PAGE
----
What does the 2018 Nobel Prize in Economics means for climate change?

Publication Year : 2018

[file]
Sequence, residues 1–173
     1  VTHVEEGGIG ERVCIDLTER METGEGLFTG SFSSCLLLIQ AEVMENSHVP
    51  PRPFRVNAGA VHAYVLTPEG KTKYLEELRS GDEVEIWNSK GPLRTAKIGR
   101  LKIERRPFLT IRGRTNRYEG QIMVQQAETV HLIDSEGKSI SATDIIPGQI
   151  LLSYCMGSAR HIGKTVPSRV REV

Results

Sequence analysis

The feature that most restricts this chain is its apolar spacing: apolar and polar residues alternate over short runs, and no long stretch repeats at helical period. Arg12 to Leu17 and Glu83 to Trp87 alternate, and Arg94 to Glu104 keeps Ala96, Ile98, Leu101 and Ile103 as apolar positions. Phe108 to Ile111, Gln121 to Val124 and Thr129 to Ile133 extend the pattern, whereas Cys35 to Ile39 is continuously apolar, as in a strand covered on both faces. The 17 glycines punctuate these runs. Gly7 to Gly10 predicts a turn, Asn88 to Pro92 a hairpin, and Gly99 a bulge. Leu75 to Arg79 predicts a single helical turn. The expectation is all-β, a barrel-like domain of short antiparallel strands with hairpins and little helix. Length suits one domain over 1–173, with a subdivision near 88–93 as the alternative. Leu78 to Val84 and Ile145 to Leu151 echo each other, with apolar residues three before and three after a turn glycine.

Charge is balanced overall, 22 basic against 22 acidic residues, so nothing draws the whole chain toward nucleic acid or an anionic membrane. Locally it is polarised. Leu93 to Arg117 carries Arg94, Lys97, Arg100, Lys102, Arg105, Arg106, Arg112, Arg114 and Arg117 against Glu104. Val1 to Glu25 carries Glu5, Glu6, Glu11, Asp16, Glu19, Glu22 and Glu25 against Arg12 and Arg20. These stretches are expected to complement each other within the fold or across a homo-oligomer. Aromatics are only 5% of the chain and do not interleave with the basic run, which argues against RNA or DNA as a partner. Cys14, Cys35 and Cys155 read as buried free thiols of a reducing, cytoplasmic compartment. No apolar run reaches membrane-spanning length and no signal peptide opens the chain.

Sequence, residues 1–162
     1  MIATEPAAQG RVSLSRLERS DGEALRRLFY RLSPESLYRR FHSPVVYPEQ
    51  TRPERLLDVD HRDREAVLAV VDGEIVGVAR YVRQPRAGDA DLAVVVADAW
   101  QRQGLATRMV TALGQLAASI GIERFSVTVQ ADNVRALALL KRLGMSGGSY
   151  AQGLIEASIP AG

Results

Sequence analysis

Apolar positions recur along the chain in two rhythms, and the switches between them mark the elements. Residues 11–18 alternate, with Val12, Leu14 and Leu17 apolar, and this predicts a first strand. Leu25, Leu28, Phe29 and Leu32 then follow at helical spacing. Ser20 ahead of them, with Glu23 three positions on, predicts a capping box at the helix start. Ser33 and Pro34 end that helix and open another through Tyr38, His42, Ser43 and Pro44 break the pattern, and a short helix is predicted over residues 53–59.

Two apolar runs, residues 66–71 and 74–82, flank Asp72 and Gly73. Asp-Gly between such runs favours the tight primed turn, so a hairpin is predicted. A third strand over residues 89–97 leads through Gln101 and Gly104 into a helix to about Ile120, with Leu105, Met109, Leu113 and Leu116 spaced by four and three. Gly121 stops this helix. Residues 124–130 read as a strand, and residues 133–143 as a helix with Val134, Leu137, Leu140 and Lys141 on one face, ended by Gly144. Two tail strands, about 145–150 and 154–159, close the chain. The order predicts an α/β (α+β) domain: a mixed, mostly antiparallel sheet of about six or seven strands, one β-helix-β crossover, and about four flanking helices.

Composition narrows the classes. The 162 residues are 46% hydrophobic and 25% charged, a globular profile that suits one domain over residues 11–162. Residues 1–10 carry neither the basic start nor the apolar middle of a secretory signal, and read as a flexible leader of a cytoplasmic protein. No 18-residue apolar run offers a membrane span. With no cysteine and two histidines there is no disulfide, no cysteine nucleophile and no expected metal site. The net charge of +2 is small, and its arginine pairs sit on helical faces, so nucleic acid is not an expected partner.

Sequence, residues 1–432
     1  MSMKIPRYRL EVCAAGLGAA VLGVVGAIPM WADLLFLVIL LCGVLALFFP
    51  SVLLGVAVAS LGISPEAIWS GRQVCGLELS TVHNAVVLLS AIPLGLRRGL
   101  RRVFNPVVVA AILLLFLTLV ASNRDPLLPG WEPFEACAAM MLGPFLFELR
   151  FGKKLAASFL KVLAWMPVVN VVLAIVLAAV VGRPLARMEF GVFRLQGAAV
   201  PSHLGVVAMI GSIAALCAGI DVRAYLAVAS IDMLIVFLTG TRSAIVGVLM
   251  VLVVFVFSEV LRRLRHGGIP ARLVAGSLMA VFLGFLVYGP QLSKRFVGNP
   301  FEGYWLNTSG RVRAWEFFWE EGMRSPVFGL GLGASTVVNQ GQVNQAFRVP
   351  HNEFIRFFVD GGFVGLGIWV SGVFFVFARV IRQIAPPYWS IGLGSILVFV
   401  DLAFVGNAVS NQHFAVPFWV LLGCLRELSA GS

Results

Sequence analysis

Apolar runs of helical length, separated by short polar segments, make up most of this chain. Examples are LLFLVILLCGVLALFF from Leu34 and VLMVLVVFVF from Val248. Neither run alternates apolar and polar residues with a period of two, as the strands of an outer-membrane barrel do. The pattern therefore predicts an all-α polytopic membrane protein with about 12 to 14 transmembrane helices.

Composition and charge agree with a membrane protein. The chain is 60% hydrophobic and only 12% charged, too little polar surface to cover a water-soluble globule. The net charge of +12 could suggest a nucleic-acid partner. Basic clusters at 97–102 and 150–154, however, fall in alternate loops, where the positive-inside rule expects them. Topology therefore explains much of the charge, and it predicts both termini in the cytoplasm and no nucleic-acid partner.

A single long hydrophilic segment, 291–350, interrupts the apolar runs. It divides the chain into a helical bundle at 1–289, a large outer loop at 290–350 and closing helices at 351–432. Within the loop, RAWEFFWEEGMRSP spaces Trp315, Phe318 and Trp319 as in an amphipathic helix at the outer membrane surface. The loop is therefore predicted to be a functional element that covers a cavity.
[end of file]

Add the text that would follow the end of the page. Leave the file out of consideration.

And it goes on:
The Centre for Environmental Economics & Climate Change (CEECC) at Pakistan Institute of Development Economics (PIDE) held a seminar on 2018 Nobel Prize winners William Nordhaus and Paul Romer.The seminar was hosted by research economist Dr Ghulam Samad in which he discussed how the recognition of William Nordhaus for “integrating climate change into long-run macroeconomic analysis” gives environmental issues a centre stage in economic research. He also highlighted Paul Romer’s contribution of “integrating technological innovations into long-run macroeconomic analysis”. Romer and Nordhaus’s contribution can be summarised as “Integrating innovation and climate with economic growth.”He was joined by PIDE Vice Chancellor Dr Asad Zaman, faculty members, researchers and students. Both of these winners elaborated the role of the government to enhance innovation by facilitating research and development and enforcing intellectual property rights.He began the presentation by giving a brief overview of the prevailing schools of thoughts that focused more on exogenous factors influencing economic growth. The prevailing school did not answer how, when and why technological progress takes place. Romer picked up these questions and developed his endogenous growth theory by answering these questions. Romer explains ideas, innovation and human capital are the endogenous factors, which explain the long run growth that are embedded in the system. Dr Ghulam Samad then discussed Nordhaus’ contribution that describes the global interplay between climate change and economy. He also quoted how the current US President Donald Trump’s government has been exceedingly detrimental to the discourse on climate change and how Nordhaus’ win can pave way for future research on climate change.He concluded his talk by asserting the importance of climate and environmental issues that are putting constraints on economic growth. He highlighted Pakistan, being a signatory to the climate change negotiations, and a developing country cannot keep aside the importance of environment and climate change issues. Towards the end participants asked several questions inquiring about the relevance of climate change research in the context of Pakistan. Concluding the seminar and an invigorating discussion he said CEECC at PIDE will continue to host such stimulating and engaging discussions for researchers and students so that they can continue to learn from one another.

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